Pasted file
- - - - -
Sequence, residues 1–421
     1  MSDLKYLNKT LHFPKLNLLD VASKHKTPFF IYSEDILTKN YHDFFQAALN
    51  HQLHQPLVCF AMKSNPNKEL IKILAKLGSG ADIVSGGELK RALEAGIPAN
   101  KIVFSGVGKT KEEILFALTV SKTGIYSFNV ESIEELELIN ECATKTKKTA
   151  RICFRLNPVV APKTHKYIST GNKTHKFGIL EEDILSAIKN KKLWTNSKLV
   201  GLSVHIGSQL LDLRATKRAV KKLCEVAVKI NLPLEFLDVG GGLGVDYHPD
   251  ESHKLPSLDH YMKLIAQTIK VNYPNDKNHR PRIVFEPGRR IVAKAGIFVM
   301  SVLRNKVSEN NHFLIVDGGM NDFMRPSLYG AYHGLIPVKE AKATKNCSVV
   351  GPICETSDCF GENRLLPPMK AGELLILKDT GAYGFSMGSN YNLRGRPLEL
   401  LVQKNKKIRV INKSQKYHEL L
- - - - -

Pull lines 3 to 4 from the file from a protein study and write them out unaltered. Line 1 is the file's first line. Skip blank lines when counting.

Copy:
    51  HQLHQPLVCF AMKSNPNKEL IKILAKLGSG ADIVSGGELK RALEAGIPAN
   101  KIVFSGVGKT KEEILFALTV SKTGIYSFNV ESIEELELIN ECATKTKKTA